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29th Nov 2022

Panama to stay on EU tax-haven blacklist

  • Panama City: still a hub for dodgy money? (Photo: Falco Ermert)
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Panama is to stay on an EU list of "non-cooperative" tax-havens, but three micro-states are to get off in a decision due next week.

Finance ministers meeting on 5 October will approve the listings without discussion, removing Anguilla, Dominica, and the Seychelles for good behaviour, according to draft conclusions seen by EUobserver.

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But Panama was not even "largely compliant" with EU norms and had a "harmful foreign-source income [tax] exemption regime", the EU conclusions said.

Panama became known internationally as a hub for dodgy money in the 2016 'Panama Papers' revelations of financial mayhem and has struggled to repair its image ever since.

The other countries or protectorates on the EU blacklist are American Samoa, Fiji, Guam, Palau, Samoa, Trinidad and Tobago, the US Virgin Islands, and Vanuatu.

Turkey was not listed, but EU ministers planned to complain it was "still not fully in line" with promises on exchange of financial information with member states.

They aimed to urge Costa Rica, Hong Kong, Jamaica, Jordan, North Macedonia, Malaysia, Qatar, and Uruguay to scrap harmful tax regimes by the end of this year.

And they planned to praise Thailand for making "meaningful progress".

The EU blacklist is meant to help strengthen "global tax transparency, and [the] fight against tax fraud, evasion and avoidance".

It is updated twice a year.

And the listings are underpinned by the EU Council's Code of Conduct Group, led by a Bulgarian EU official, whose "fiscal attachés" hold talks and exchange letters with tax-haven administrations.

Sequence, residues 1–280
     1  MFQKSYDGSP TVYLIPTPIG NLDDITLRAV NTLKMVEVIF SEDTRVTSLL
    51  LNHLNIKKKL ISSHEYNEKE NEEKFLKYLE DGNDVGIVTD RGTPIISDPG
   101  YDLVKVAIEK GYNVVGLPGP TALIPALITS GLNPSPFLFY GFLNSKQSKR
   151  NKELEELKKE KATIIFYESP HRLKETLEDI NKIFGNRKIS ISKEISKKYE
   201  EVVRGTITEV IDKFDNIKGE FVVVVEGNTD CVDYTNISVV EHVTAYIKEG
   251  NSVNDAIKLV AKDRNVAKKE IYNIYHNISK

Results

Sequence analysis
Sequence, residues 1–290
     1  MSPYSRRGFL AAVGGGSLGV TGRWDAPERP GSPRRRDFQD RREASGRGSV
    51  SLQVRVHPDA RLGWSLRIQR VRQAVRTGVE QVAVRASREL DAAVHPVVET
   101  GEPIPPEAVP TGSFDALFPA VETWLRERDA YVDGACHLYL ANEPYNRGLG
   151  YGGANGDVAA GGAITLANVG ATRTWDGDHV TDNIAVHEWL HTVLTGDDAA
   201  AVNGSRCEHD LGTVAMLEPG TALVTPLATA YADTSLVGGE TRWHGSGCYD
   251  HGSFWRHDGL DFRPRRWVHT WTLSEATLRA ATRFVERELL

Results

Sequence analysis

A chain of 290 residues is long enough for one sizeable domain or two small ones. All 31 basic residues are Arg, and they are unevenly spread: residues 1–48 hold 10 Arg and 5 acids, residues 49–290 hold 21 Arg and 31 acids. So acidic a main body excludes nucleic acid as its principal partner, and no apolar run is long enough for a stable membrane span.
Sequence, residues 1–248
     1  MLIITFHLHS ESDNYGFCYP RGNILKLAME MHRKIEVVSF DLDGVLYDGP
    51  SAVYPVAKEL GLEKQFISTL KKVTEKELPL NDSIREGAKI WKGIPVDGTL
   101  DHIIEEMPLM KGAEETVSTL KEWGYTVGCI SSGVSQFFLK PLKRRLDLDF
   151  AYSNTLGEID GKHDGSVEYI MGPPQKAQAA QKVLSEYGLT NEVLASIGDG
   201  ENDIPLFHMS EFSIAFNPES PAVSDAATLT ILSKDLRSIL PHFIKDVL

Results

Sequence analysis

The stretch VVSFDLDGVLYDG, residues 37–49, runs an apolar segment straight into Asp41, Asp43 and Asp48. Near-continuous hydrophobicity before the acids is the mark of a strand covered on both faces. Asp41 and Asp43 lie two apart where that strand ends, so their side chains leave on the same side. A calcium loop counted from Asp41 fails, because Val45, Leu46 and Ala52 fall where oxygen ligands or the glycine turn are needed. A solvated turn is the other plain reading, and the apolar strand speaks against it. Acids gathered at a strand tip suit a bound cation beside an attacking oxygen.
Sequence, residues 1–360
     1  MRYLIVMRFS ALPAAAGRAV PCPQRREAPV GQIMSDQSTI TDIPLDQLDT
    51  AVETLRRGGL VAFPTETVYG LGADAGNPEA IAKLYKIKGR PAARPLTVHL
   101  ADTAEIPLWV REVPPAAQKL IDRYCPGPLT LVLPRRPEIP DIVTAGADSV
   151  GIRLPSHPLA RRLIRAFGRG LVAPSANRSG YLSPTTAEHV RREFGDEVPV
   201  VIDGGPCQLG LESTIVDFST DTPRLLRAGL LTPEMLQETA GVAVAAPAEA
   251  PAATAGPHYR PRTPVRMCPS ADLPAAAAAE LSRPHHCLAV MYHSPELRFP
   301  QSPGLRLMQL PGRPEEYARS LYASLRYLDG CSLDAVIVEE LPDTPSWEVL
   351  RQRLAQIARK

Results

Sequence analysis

But the listings are also political, because they exclude EU states and EU-friendly states, such as Ireland, Luxembourg, Malta, the Netherlands, or Switzerland, which meet technical criteria, according to global charity group Oxfam.

The EU also publishes a separate list of "high-risk" jurisdictions for money laundering and terrorist financing.

The tax-haven and money-laundering lists have, in the past, contained some overlap - for instance, Panama, Trinidad and Tobago, and Vanuatu.

Other money-laundering sinners were Afghanistan, Bahamas, Barbados, Botswana, Cambodia, Ghana, Iraq, Jamaica, Mauritius, Mongolia, Myanmar/Burma, Nicaragua, Pakistan, Syria, Uganda, Yemen, and Zimbabwe.

But this list was also too short for some experts.

EU states in the past vetoed inclusion of Saudi Arabia and of US protectorates American Samoa, Guam, Puerto Rico, and the US Virgin Islands.

They also left China and Chinese protectorates, Russia, and the UK off the hook, as well as Europe's close friends - Andorra, Monaco, Liechtenstein, San Marino, and Switzerland.

Tax advocates slam EU country-by-country directive

Country-by-country reporting (CDCR) will require non-EU multinationals doing business in the EU through subsidiaries to comply with the same rules as European companies. However, companies are allowed to defer disclosure of certain information for a maximum of five years.

EU adding Bahamas to tax-haven blacklist

The EU is adding Anguilla, the Bahamas, and Turks and Caicos Islands to its blacklist of tax-havens, in what some have called a "fig-leaf" exercise.

Hungary and Estonia blocking EU tax reform

Hungarian and Estonian diplomats have blocked a revised set of tax rules, potentially derailing an effort to curb the race for ever-lower corporate taxes in the EU.

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